02/26/11 -- ATV-2 “Johannes Kepler” docking (SM aft)
02/27/11 -- STS-134/Endeavour (ULF6 – ELC3, AMS-02) launch
03/01/11 -- STS-134/Endeavour (ULF6 – ELC3, AMS-02) docking
03/11/11 -- STS-134/Endeavour (ULF6 – ELC3, AMS-02) undock
03/16/11 -- Soyuz TMA-01M/24S undock/landing (End of Increment 26)
--------------Three-crew operations-------------
03/20/11 -- Soyuz TMA-21/26S launch – A. Borisienko (CDR-28)/R.Garan/A.Samokutayev
03/22/11 -- Soyuz TMA-21/26S docking (MRM2)
--------------Six-crew operations-------------
04/26/11 -- Progress M-09M/41P undock
04/27/11 -- Progress M-10M/42P launch
04/29/11 -- Progress M-10M/42P docking (DC1)
05/xx/11 -- Russian EVA-29
05/16/11 -- Soyuz TMA-20/25S undock/landing (End of Increment 27)
--------------Three-crew operations-------------
05/30/11 -- Soyuz TMA-22/27S launch – M. Fossum (CDR-29)/S. Furukawa/S. Volkov
06/01/11 -- Soyuz TMA-22/27S docking (MRM1)
--------------Six-crew operations-------------
06/04/11 -- ATV-2 “Johannes Kepler” undock (SM aft)
06/21/11 -- Progress M-11M/43P launch
06/23/11 -- Progress M-11M/43P docking (SM aft)
08/29/11 -- Progress M-11M/43P undocking
08/30/11 -- Progress M-12M/44P launch
09/01/11 -- Progress M-12M/44P docking (SM aft)
09/16/11 – Soyuz TMA-21/26S undock/landing (End of Increment 28)
--------------Three-crew operations-------------
09/30/11 -- Soyuz TMA-23/28S launch – D.Burbank (CDR-30)/A.Shkaplerov/A.Ivanishin
10/02/11 – Soyuz TMA-23/28S docking (MRM2)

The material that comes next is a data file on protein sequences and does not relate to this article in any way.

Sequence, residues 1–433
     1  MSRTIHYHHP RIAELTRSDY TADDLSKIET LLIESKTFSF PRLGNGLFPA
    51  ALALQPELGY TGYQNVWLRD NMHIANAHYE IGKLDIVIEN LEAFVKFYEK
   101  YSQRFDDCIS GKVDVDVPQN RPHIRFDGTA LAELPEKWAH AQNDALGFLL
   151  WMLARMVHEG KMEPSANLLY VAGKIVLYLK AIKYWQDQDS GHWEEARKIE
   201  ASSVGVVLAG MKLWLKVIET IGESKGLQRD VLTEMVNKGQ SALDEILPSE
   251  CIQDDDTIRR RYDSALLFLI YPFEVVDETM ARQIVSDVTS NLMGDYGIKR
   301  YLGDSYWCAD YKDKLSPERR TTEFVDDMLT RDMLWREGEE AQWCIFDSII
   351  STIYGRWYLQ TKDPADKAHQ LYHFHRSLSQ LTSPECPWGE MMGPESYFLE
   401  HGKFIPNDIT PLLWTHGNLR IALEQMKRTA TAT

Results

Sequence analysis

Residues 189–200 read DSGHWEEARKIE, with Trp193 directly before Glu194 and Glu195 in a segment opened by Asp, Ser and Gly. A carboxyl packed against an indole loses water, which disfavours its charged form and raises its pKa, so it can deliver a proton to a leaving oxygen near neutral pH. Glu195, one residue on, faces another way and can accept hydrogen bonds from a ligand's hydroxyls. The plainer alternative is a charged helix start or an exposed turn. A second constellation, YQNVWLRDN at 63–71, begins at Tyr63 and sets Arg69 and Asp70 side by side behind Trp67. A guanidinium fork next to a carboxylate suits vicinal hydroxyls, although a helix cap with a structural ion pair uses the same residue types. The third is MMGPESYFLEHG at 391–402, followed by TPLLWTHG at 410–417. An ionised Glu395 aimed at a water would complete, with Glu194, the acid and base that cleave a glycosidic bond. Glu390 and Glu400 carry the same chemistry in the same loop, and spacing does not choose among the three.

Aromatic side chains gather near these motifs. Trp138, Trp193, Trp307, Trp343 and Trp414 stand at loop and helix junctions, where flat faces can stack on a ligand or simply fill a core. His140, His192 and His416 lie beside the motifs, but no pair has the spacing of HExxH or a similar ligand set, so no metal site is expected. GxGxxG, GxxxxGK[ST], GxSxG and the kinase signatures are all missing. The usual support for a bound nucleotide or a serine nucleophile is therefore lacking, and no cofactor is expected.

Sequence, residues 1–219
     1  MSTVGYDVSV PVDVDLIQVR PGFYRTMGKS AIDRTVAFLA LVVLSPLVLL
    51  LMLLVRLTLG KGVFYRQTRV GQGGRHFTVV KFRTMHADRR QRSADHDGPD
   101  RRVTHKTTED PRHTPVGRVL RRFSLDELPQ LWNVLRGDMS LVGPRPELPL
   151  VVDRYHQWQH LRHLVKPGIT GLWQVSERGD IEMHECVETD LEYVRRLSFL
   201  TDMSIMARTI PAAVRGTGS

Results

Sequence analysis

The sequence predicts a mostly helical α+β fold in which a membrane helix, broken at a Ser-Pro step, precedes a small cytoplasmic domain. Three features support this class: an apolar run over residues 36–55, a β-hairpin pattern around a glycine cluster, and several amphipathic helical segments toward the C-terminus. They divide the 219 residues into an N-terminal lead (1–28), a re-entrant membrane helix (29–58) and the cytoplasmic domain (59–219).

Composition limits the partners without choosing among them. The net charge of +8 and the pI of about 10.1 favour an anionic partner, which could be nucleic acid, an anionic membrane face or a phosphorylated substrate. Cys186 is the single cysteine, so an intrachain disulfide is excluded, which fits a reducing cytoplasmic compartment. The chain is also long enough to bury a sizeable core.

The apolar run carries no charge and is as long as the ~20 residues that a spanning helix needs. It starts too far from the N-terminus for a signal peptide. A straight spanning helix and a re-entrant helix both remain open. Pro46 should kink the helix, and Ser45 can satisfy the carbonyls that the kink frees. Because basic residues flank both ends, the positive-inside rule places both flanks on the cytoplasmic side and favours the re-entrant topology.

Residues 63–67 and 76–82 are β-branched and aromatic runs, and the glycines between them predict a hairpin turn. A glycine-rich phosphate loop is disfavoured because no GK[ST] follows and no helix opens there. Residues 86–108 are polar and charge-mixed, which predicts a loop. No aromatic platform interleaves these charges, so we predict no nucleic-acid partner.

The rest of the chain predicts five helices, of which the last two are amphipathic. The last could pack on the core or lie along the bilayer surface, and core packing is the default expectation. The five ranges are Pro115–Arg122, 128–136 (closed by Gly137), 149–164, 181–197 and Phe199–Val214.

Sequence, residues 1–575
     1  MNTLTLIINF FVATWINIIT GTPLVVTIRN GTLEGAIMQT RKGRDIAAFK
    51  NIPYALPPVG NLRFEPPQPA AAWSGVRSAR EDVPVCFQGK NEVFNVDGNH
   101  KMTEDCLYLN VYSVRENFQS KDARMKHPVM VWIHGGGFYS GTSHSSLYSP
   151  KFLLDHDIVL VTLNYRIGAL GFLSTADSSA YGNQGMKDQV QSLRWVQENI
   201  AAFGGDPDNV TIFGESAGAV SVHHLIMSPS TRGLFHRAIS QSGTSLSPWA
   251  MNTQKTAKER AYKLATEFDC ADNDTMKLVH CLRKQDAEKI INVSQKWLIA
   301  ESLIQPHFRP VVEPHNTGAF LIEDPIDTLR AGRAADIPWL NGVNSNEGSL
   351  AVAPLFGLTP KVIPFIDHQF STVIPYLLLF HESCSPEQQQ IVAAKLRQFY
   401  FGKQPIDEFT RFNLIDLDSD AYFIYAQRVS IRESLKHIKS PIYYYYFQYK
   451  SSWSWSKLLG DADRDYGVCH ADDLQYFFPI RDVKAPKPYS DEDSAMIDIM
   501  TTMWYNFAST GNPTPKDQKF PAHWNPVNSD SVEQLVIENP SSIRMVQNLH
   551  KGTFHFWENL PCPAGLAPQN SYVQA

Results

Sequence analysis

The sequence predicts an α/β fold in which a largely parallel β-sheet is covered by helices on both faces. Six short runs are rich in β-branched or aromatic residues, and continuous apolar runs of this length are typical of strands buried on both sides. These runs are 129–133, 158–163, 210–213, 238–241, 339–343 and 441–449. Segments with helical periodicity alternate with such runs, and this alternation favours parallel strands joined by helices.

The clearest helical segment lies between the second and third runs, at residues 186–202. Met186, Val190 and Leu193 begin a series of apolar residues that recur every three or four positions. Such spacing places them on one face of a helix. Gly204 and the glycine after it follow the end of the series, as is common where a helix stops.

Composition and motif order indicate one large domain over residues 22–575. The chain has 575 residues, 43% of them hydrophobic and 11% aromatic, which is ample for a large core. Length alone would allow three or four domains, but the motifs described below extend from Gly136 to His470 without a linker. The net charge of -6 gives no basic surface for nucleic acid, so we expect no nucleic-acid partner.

--------------Six-crew operations-------------
10/25/11 -- Progress M-10M/42P undocking
10/26/11 -- Progress M-13M/45P launch
10/28/11 -- Progress M-13M/45P docking (DC-1)
11/16/11 -- Soyuz TMA-22/27S undock/landing (End of Increment 29)
--------------Three-crew operations-------------
11/30/11 -- Soyuz TMA-24/29S launch – O.Kononenko (CDR-31)/A.Kuipers/D.Pettit
12/02/11 -- Soyuz TMA-24/29S docking (MRM1)
--------------Six-crew operations----------------
12/??/11 -- 3R Multipurpose Laboratory Module (MLM) w/ERA – on Proton.
12/26/11 -- Progress M-13M/45P undock
12/27/11 -- Progress M-14M/46P launch
12/29/11 -- Progress M-14M/46P docking (DC-1)
03/05/12 -- Progress M-12M/44P undock
03/16/12 -- Soyuz TMA-23/28S undock/landing (End of Increment 30)
--------------Three-crew operations-------------
03/30/12 -- Soyuz TMA-25/30S launch – G.Padalka (CDR-32)/J.Acaba/K.Valkov
04/01/12 -- Soyuz TMA-25/30S docking (MRM2)
--------------Six-crew operations----------------
05/15/12 -- Soyuz TMA-24/29S undock/landing (End of Increment 31)
--------------Three-crew operations-------------
05/29/12 – Soyuz TMA-26/31S launch – S.Williams (CDR-33)/Y.Malenchenko/A.Hoshide
05/31/12 – Soyuz TMA-26/31S docking
--------------Six-crew operations----------------
09/09/12 -- Soyuz TMA-25/30S undock/landing (End of Increment 32)
--------------Three-crew operations-------------
09/23/12 -- Soyuz TMA-27/32S launch – K.Ford (CDR-34)/O. Novitskiy/E.Tarelkin
09/25/12 – Soyuz TMA-27/32S docking
--------------Six-crew operations-------------
10/07/12 -- Soyuz TMA-26/31S undock/landing (End of Increment 33)
--------------Three-crew operations-------------
11/xx/12 -- Soyuz TMA-28/33S launch – C.Hadfield (CDR-35)/T.Mashburn/R.Romanenko
11/xx/12 – Soyuz TMA-28/33S docking
--------------Six-crew operations-------------
03/xx/12 -- Soyuz TMA-27/32S undock/landing (End of Increment 34)
--------------Three-crew operations-------------
03/xx/12 – Soyuz TMA-29/34S launch.
03/xx/12 – Soyuz TMA-29/34S docking
--------------Six-crew operations-------------

To send holiday greetings to the crew and get more information about the space station, visit http://www.nasa.gov/station.